In the land of finance, discipline equals freedom and financial advisors know this better than anyone else. To clients and the community, they offer expertise which enables folks to achieve their goals and become financially independent but as the financial advisor, what about your goals and independence, and more importantly, what about your happiness? There are a variety of factors that could make your future feel uncertain but that doesn’t mean it won’t be fulfilling.

In his new book, Freedom Street, Scott Danner shares lessons learned and insights gained from nearly two decades of managing assets, purchasing financial practices, and creating succession plans to ensure a future that is both prosperous and rewarding. He knows what it takes to effectively balance goals to serve clients, make an impact in your community and make your next chapter count. And yes, it’s A-okay, sometimes even advisors need a guide.

Hey Listeners, my name is Drew Appelbaum. I’m excited to be here today with Scott Danner, author of Freedom Street: How I Learned to Create a Rich Life, Live My Legacy, and Own the Future as a Financial Advisor. Scott, thank you for joining, welcome to The Author Hour Podcast.

Scott Danner: Thanks for having me, Drew. I’m excited to be here.

Drew Appelbaum: Let’s kick this off. Can you give us a brief rundown of your professional background?

Scott Danner: Sure. I am a two-decade financial advisor in an industry that I never knew I was going to be in. I actually started working at the attorney general’s office right out of college and was in a crime prevention role with the AG, did a lot of PR, and ended up applying to be a financial advisor and loving it. Building a career, lifestyle practice for about 14, 15 years and then I went out and started my own independent company, Freedom Street Partners in 2016.

We’ve built that company to about 40 advisors across seven states and we manage about two and a half billion dollars and we started that from scratch just five years ago. It’s a quick version of the journey but there’s been a lot of great stories in between. That’s the professional background. I like to think of myself— like I’ll talk about in the book— as somebody that’s much more in-depth.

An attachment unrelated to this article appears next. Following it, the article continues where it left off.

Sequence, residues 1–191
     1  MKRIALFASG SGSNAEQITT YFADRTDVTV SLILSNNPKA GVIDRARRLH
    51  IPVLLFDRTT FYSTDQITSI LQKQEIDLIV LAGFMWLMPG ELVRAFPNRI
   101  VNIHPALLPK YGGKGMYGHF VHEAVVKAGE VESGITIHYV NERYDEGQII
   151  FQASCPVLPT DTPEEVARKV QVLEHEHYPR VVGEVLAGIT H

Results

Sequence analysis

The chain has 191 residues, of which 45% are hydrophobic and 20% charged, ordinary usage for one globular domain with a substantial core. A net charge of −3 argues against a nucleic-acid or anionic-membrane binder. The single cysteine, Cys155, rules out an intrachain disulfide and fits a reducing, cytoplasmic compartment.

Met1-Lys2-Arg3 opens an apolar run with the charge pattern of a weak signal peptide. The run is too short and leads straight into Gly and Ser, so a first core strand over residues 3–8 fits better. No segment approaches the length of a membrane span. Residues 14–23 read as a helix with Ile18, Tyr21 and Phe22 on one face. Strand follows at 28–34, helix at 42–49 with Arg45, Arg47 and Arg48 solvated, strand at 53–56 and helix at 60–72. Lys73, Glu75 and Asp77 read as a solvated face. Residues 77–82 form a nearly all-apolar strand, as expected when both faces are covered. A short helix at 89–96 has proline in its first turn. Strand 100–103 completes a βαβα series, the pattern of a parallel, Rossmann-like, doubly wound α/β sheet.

I can’t stand at parties when they’re like, “What do you do, Scott?” I’m like, “Well, let me tell you about who I am first!” No, I’m just kidding. The professional background kind of led me to writing this book and leading into this journey and I’m really excited to share it with the world.

Drew Appelbaum: Why was now the time to share these stories in the book? Was there an “aha moment”, something really inspiring out there for you? Or did you have some downtime because of COVID?

Scott Danner: Yeah, I wish I had downtime. I think our company grew faster during COVID than I ever imagined and so we were extremely blessed. Ultimately, I think it was the first thing you said, which was an “aha moment.” The “aha moment” was really a couple of things. I broke this book down into creating a rich life, living my legacy, and owning the future. When I really think about living a rich life, it was all the things of really creating something that— I could put down some of the very things I had learned over the years that I had used to share with other advisors and other business owners. I felt like it was a great time to do that. 

I also hear too many people every day talk about really creating a legacy or their legacy is something that they look forward to in the future when they stop doing something. I just really believe that I had heard that so many times and I wanted to get out there and talk a little bit more about living it. Actually doing it today, not waiting for anything. The, “own your future” was the biggest “aha moment”.

So many business owners— and I talk to so many in my role as an advisor as well as in my practice. We have helped advisors in that next chapter of stepping away and selling their practice. I was really amazed at how unprepared people were for that next chapter. The “aha moment” was, what prepares people for the next chapter? It really went back to those couple of things. If they’re living a rich life and they’ve created this rich life that’s well beyond their business, they’re successful.

If they’re living their legacy not waiting, they’re complete. They feel better and then you can own the future because you’re really prepared for whatever comes next.

Life First, Then Wealth

Drew Appelbaum: You just likely want to help these people out and lend your expertise and you have an idea of this book in your head. A lot of times, during the writing process, authors will go down that road but they’ll start digging deeper into some of these subjects and they’ll come to some major breakthroughs and learnings. Did you have any major breakthroughs or learnings along your writing journey?